comparison to be made as presented in Table EX-1. The emissions of carbon monoxide,
NO2 and NO are not in this table because the eGRIDweb site provided no comparable
data. The table contains the value for NOx, the value when NO and NO2 emissions are
combined. The results section of this report contains the more detailed emissions data as
measured for the two gas-fired heaters.




                                                                                        viii
   Table EX-1 Pollutant emission, pounds per million Btu as delivered to the load

                          Gas-fired Units        Heat Pump Units
          Pollutant
                       Hayward       Hayward   Hayward    Rheem
                        H-150        H-150HD   HML125L     8320ti
         Emitted
                      Lbs/MMBtu     Lbs/MMBtu Lbs/MMBtu Lbs/MMBtu
     Carbon Dioxide      143.8         136.1     99.8       90.0
     Nitrogen Oxides    0.1460        0.0224    0.1064    0.0960
      Sulfur Dioxide None Detected    0.0050    0.2435    0.2198

Operating cost comparisons calculated for two cases are presented in Tables EX-2 and
EX-3. Table EX-2 presents the cost in terms of delivering one million Btu of heat without
regard to the ancillary cost associated with the operation of the pool’s water circulation
pump. Given a 32,000-gallon pool this amount of heat would increase its temperature by
about 3.7 degrees F assuming no losses are present. Table EX-3 presents the case when a
32,000-gallon pool is increased by 10 degrees F. In this example larger capacity gas-
fired units available with twice the output capacity were used. It was assumed and that
they would have the same efficiency as the smaller units of the same product line design
series. The heat pump units included are the same models as their capacity are already
among the largest made and available in the market place. This example also includes the
cost of using a typical pool pump while the pool heaters are operating to satisfy the
heating load of 2.7 million Btu.

   Table EX-2 Comparison of operating cost per MMBtu of heat supplied to load

                                               Gas-fired Units                Heat Pump Units
     Operating Cost Anaysis Results       Hayward         Hayward     Hayward      Rheem      Rheem
                                             H-150        H-150HD     HML125L       8320ti     8320ti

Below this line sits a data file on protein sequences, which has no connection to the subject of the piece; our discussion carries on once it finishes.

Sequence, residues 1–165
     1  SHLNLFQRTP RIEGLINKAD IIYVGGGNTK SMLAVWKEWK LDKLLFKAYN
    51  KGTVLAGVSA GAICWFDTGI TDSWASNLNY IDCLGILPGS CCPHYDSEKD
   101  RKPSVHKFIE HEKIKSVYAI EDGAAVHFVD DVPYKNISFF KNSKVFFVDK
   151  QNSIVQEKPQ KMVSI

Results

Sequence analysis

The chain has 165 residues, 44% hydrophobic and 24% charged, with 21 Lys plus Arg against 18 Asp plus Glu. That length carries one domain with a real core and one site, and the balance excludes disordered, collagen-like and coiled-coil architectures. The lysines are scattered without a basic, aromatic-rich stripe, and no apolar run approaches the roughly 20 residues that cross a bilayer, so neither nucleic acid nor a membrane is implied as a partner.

Thermal Efficiency                          80.3%           85.9%      [450%]      [500%]       [425]
Thermal COP                                 [0.803]         [0.859]       4.5         5.0        4.25
Average Ambient Temperature                   65 F           65 F        70 F        65 F       52 F
Btu Output Per Hour                        117,472         129,176     96,174      101,470     84,199
Hours to Output 1,000,000 Btu                 8.51            7.74      10.40         9.86      11.88
Energy Consumed Gas - Btu                 1,245,240       1,163,940        0           0          0
Natural Gas - Therms Used                   12.452         11.639          0           0          0
Btu Thermal Equivalent of Electric Used         0            3,698    221,506      199,884    236,162
Electric Power Consumption KWh                  0             1.08      64.92        58.58       69.2
Natural gas $ Cost Per Therm                 $1.65           $1.65      $0.00        $0.00     $0.00
Electric Power Cost $ Per KWh                                $0.22      $0.22        $0.22     $0.22
Total Cost Per MMBtu Pool Heat              $20.55         $19.44      $14.28       $12.89    $15.22


The gas-fired and electric heat pump units tested in this study had output rates that ranged
from 96,129 to 117,472 Btu per hour as seen in Table EX-2. To heat a pool containing
32,000 gallons of water by 3.7 degrees F it would require roughly 7.7 to 10.4 hours of
operation for the specific units tested in this study. This is also based on ambient
temperatures in the range of 65-70 degrees F for the heat pumps (as tested). If the
ambient temperature were lower the output rate for the heat pumps would also be reduced



                                                                                                    ix
as seen in Figure EX-2. In addition, a pool would certainly have thermal losses whenever
heat is required. These could be to the ambient air by convection or to the ground soil
from the buried pool piping (assuming the ground temperature is less then the circulating
water) by conduction or by means of the pool’s total radiant losses to the night sky. The
resulting loss would require even longer periods of heater operation to make up the
difference. This is why when selecting a pool heater; the unit is sized with sufficient
capacity for the job. There are many large capacity gas-fired units available on the market
but as stated the heat pump units selected for testing in this project are among the largest
available.

Table EX-2 highlights the considerably lower operating costs associated with electric
heat pumps in comparison to gas-fired units. The better of the two heat pumps operating
at 65 degrees F would cost 33% less to operate. If the temperature were to drop, for
example to 52 degrees F the unit would still cost less to operate but at a reduced savings